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Publication numberUS2387730 A
Publication typeGrant
Publication dateOct 30, 1945
Filing dateApr 7, 1942
Priority dateApr 7, 1942
Publication numberUS 2387730 A, US 2387730A, US-A-2387730, US2387730 A, US2387730A
InventorsJr Witty L Alderson
Original AssigneeDu Pont
Export CitationBiBTeX, EndNote, RefMan
External Links: USPTO, USPTO Assignment, Espacenet
Process for obtaining cork-like products from polymers of ethylene
US 2387730 A
Abstract  available in
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Claims  available in
Description  (OCR text may contain errors)

aimed a. so, 1945 UNITED STATES PATENT"OFFICE PROCESS FOR OBTAINING CORK-LIKE PRODUCTS FROM POLYMERS 0F ETHYLENE Witty L. Alder-son, Jr., Wilmington, Del, assignor to E. I. du Pont de Nemours a Company, Wilmington, Del., a corporation of Delaware 1 Claim.

This invention relates to porous materials, more particularly to cork-like products, and to methods for producing such products.

In the preparation of cellular products, such as sponge rubber, it has long been the general practice to incorporate in the material to be blown a solid blowing agent which, under the influence of heat, evolves gas thus causing the'formation of numerous cells which impart porosity and low density to the finished product. This procedure gives fairly good results with rubber and similar I materials which can be milled at low temperatures but the porous products thus obtained are often contaminated and do not have small uniform and discrete pores, and consequently they are readily impermeated by liquids and gases, and have poor insulating properties. Another method frequently employed in preparing spongy polymeric materials consists in dispersing an inert insoluble gas in the molten polymer and then extruding through a screen in' order to comminute the entrapped bubbles. This procedure gives products having large and non-uniform pores and consequently these materials do not have either the resilience or body of cork. It is further handicapped by the necessity of cooling the extruded sponge very rapidly in order to prevent it from collapsing. It has also been suggested to heat resins in th presence of a soluble gas and then submit the molten mass to quick expansion. This method, however, gives brittle products which do not have the small, uniform and discrete cells which are required for imparting cork-like properties.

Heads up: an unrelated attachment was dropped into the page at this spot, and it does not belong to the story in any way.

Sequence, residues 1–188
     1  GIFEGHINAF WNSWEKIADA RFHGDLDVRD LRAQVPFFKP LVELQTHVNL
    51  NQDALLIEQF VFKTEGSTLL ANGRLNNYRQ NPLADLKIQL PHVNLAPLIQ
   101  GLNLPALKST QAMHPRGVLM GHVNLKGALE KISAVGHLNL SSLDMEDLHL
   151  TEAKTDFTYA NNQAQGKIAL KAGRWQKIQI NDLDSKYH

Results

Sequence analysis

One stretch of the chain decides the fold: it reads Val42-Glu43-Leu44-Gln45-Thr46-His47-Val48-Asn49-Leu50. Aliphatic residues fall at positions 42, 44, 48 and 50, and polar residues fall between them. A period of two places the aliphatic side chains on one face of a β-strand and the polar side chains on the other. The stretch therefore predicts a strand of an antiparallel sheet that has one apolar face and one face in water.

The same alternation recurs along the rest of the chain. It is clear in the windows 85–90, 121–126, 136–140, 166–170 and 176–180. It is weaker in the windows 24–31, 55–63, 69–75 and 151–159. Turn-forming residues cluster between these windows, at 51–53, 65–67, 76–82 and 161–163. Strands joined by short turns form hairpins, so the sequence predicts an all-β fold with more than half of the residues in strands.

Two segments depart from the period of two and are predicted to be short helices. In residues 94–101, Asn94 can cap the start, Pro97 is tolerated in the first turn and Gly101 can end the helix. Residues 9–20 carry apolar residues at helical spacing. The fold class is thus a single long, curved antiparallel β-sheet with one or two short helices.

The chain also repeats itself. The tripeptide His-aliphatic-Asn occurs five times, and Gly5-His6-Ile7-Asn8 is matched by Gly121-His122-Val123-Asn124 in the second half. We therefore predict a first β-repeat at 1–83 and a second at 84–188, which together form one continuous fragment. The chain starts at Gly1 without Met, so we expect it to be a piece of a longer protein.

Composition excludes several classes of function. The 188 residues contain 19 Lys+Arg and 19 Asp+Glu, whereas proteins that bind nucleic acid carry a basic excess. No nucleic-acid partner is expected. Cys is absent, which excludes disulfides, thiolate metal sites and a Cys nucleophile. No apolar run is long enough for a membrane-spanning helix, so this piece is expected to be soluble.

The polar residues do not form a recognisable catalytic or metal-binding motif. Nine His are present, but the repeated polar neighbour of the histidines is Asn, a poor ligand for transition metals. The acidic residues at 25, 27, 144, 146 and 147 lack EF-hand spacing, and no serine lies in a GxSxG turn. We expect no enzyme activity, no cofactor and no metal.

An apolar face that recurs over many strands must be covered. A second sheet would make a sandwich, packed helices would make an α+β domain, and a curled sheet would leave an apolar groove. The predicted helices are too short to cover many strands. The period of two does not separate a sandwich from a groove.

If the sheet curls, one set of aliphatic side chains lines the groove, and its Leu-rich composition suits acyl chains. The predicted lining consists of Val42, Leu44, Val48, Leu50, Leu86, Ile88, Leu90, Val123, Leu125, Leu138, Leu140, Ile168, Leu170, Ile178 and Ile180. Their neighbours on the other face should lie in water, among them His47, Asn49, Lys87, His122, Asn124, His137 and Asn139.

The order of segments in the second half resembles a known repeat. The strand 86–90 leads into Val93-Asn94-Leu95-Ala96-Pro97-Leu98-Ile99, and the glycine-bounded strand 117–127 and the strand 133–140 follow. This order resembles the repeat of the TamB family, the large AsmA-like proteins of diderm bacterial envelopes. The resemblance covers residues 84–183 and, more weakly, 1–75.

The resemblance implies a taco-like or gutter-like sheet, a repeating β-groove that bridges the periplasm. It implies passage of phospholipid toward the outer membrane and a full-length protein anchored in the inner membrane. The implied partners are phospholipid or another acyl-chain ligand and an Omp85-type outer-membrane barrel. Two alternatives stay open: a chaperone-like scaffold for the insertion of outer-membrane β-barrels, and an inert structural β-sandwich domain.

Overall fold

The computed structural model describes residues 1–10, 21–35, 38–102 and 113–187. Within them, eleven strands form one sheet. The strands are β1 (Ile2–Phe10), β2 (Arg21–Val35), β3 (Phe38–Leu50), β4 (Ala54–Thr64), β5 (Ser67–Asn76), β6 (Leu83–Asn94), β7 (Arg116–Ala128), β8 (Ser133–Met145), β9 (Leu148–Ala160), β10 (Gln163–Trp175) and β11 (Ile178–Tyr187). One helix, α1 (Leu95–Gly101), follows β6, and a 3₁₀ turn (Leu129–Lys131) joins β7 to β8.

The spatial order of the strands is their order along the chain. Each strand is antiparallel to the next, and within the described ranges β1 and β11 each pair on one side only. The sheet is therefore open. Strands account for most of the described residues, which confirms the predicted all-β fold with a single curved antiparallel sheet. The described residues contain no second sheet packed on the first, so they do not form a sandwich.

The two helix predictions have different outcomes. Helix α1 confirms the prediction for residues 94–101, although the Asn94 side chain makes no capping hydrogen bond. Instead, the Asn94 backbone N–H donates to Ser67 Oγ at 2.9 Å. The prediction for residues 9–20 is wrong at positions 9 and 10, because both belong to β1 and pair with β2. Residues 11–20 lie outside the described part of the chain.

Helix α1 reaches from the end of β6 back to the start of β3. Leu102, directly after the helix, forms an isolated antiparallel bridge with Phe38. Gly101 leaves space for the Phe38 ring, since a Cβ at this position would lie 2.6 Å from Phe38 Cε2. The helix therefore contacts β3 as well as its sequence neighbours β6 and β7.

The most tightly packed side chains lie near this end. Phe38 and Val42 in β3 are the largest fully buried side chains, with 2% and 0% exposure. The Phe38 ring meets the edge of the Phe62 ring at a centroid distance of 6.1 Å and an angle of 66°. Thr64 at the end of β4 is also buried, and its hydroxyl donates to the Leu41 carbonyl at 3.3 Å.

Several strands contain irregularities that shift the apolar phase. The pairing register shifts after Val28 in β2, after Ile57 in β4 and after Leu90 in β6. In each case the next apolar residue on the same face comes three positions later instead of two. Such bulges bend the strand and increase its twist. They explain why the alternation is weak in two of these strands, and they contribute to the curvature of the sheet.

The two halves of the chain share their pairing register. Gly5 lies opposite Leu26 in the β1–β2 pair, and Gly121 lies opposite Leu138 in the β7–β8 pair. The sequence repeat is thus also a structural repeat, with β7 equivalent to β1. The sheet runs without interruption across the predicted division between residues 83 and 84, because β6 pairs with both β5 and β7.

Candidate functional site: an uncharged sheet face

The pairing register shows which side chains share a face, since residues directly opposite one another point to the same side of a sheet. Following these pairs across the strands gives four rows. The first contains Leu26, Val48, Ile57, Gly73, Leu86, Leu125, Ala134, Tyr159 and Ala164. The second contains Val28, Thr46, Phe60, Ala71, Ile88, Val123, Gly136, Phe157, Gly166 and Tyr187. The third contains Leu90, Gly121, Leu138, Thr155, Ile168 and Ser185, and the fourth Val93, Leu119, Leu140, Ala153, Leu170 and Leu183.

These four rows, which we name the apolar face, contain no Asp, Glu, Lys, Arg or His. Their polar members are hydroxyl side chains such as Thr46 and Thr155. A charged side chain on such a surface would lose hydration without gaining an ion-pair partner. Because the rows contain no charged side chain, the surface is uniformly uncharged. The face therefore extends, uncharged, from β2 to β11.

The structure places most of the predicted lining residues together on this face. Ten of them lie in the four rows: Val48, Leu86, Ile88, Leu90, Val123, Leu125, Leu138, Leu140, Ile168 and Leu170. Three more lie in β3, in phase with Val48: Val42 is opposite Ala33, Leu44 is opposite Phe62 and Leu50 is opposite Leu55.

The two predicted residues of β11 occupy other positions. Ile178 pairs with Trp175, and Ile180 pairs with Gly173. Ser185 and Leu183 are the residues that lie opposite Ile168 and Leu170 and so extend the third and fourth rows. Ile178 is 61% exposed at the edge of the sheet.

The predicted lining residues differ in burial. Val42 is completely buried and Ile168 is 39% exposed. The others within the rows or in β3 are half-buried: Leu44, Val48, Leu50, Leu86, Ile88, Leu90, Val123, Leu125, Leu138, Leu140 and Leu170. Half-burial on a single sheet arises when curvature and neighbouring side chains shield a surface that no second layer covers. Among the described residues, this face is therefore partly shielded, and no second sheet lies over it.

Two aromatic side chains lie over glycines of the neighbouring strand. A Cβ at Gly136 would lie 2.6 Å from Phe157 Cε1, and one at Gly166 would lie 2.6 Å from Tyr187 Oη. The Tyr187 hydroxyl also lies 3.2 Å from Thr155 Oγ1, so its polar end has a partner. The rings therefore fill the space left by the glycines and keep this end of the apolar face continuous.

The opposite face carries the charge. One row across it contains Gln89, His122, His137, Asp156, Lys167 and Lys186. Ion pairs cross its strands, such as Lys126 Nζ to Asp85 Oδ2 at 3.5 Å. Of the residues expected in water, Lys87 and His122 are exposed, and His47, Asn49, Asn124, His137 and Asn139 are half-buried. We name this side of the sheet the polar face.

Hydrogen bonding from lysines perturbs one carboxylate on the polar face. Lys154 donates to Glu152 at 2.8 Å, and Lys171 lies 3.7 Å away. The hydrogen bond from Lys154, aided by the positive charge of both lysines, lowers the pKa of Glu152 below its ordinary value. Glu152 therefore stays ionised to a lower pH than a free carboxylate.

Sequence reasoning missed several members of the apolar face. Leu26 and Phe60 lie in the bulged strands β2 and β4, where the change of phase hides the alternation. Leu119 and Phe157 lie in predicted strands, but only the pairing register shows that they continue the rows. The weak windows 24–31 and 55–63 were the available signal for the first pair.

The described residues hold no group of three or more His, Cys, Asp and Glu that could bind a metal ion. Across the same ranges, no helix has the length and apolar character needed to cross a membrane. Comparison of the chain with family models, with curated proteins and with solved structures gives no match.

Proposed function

This invention has as an object a new and improved method for preparing cellular, cork-like, products characterized by low density, very small and uniform pores, great chemical iner-tness and absence of taste and odor. Other objects will appear hereinafter.

The above objects are accomplished by heating a normally solid ethylene polymer of the kind.

described below above its melting point under pressure of a gas that is soluble in the molten polymer, partially reducing the applied pressure without substantially lowering the temperature, and then cooling the expanded polymer under maintained superatmospheric pressure.

In the practice of this invention any normally solidpolymer obtained either by polymerizing ethylene alone or in admixture with another polymerizable organic compound, by halogenating a preformed ethylene polymer, by dehalogenating halogenated preformed ethylene poly mers, or by sulfonating preformed ethylene poly- Drawing. Application April 7, 1942,

Serial N0. 438,039

mers can be used. The above products can be obtained by the methods described in U. 8. Patents 2,153,553, 2,188,465, 2,200,429, 2,183,556, 2,212,786, and 2,261,757. The polymers of ethylen alone and the polymers of ethylene with other polymerizable organic compounds can also be obtained by contacting ethylene alone or in admixture with another polymerizable organic composition of the polymer and the nature of the polymerizable organic compound, and those of the halogenated polymers upon their halogen content. The properties of the dehalogenated polymers depend not only upon those of the, starting material but also upon the extent of the dehalogenation effected and upon whether or not the dehalogenation is accompanied by introduction of other groups into the polymer. The sulfonated polymers are normally solid and are at least partially soluble in alkali. v

In the new process described herein, wherein the spongy polymer is made by placing the molten polymer under pressure of a gas soluble therein. followed by partial reduction in pressure while mamtaming the temperature, and then cooling the polymer under pressure, the initial pressurecan be from about to several thousand pounds per square inch or higher. The maximum pressure depends on the solubility characteristics of the gas used and on the mechanical strength of the vessel employed. The temperature of the polymer at this stage is that of the melting point or higher but below the decomposition point. In